Who is Rob Bell?
Rob Bell came out of the Emergent Church movement about 10 years ago. A group of pastors got together to address the question of an aging, dying church population. They asked the question, “how do we get young people back into church?” Among those in the movement were Bell, Brian McLaren, Mark Driscoll, Dan Kimball, John Piper, et.al. They branched almost immediately, with pastors like Driscoll and Piper adhering to gospel while reaching the youth through their culture, and others like Bell and McLaren re-molding scripture to fit the culture.
If you don't know, be glad.
Bell is best known for his quasi-universalist views, which are perhaps best summarized with his book and motto "Love Wins," but his problems are much worse than that. His teachings against eternal damnation of the wicked are only one part of a bigger problem.
Bell is the recently-resigned founding pastor of Mars Hill Bible Church, a megachurch in a suburb of my hometown of Grand Rapids. He's a Wheaton College and Fuller Theological Seminary graduate. He managed to plant a megachurch in the center of the Dutch Reformed world by advocating styles of worship and doctrinal beliefs at radical variation from the historic beliefs of the people among whom he pastors, while bringing a veneer of evangelicalism to the mix.
How did such radical views gain traction in a place like Grand Rapids?
The answer is important, and it's an important warning to conservative Christians everywhere in any denomination. I'm pinging this to the Great Reformed Ping List, but it deserves to be read by anyone who takes doctrinal integrity seriously. If we don't catechize or otherwise teach doctrine to our young people, we are only one generation away from seeing the apostasy of our grandchildren, if not our children.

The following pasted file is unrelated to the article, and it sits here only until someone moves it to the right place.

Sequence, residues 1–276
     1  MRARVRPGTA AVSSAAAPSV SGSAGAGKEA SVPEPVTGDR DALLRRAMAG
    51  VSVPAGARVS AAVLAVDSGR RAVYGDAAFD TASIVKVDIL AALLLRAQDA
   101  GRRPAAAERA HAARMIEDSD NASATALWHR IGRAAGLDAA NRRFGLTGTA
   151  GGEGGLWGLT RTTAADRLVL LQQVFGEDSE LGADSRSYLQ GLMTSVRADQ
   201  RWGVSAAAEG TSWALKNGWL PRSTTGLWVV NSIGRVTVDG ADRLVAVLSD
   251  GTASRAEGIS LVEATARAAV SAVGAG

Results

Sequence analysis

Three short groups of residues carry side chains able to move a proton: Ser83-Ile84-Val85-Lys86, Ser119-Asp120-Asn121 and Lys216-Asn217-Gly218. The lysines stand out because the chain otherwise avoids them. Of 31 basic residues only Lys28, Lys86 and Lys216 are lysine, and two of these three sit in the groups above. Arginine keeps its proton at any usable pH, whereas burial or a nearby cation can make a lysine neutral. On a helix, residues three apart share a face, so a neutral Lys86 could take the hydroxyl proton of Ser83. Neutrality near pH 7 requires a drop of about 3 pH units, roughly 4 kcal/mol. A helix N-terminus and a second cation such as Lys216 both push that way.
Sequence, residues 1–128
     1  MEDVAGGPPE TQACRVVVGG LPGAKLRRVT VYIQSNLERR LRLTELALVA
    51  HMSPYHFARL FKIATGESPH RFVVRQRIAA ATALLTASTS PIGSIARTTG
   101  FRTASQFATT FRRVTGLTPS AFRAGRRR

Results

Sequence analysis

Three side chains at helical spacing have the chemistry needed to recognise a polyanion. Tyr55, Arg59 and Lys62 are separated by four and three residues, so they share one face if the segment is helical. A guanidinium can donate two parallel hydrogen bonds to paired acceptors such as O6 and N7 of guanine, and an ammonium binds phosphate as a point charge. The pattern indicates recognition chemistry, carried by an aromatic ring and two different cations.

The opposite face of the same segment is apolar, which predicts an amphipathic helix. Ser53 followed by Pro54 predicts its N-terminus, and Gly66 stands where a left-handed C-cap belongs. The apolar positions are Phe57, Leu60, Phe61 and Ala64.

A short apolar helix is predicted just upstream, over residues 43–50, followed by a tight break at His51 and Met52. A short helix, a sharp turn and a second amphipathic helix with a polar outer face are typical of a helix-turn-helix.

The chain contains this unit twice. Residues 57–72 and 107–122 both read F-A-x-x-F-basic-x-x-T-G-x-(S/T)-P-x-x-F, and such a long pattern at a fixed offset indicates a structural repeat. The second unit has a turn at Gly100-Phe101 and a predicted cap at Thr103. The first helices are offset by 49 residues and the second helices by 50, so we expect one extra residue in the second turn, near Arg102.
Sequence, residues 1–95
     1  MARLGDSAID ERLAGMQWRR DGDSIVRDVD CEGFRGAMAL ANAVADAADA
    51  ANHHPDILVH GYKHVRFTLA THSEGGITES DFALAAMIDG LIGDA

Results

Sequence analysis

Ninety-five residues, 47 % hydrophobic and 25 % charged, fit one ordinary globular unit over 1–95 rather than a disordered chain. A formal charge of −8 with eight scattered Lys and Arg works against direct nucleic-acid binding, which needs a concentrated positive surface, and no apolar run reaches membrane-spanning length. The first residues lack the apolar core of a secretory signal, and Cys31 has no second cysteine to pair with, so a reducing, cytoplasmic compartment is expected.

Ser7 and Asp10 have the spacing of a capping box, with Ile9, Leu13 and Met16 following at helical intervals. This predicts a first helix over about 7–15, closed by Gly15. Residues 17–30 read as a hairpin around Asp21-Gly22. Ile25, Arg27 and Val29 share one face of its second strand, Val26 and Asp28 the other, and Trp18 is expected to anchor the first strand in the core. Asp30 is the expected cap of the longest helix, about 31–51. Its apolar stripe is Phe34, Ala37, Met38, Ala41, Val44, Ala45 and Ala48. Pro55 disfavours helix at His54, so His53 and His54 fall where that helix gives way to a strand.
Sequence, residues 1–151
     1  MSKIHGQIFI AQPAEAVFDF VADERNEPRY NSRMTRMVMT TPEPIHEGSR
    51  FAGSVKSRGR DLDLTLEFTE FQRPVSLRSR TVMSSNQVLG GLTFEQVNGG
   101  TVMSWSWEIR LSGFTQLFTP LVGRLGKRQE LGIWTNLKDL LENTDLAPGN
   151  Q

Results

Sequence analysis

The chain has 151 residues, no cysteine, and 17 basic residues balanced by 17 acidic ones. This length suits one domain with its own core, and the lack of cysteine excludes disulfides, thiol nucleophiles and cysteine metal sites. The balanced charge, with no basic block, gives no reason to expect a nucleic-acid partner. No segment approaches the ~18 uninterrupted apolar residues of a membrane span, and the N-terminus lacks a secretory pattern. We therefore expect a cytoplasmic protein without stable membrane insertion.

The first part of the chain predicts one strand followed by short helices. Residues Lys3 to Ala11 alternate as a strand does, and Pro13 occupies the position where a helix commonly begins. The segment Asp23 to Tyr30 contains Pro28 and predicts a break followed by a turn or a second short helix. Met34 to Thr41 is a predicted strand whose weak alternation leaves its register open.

The theological collapse of the Dutch Reformed world in Grand Rapids has resulted in people fleeing the CRC and RCA in all sorts of directions. Some of those directions include older and newer denominations which affirm the historic Reformed faith — the URC, OPC, and PRC, and to a lesser extent the NRC, FRC, HRC, and some Reformed Baptist churches, have all benefited from that exodus of people who want to be Reformed.
Other directions include theologically conservative but non-Reformed denominations such as the General Association of Regular Baptist Churches, the Assemblies of God, and the Wesleyan Church.
And, of course, the PC(USA), the UCC, and other liberal or mainline denominations have served as a “safety valve” for decades, taking dissatisfied Dutchmen who wanted a theology which was less restrictive to their doctrine or morality.
What Rob Bell managed to create in Grand Rapids was something new. Mars Hill Bible Church combined the attractions of the externals of evangelical Christianity with the attractions of a liberal faith.
Bell was an early warning sign of a type of so-called evangelical Christianity which is growing in America, and which is not evangelical at all. It is merely a re-creation of an older type of liberalism, one which unlike the major forms of liberalism of the late 1800s and early 1900s, claimed to be “spiritual” rather than having the anti-supernatural focus of mainstream classical liberalism. Men like Friedrich Schleiermacher were present in the older forms of liberalism, though they were not the “majority report,” and their form of experience-based religion is every bit as dangerous as the anti-supernatural form of liberalism.
In fact, it's probably more dangerous today because there are a lot of people who want a “spiritual experience” who would reject open attacks on miracles or other supernatural features of historic Christianity, but are open to Rob Bell's heresies.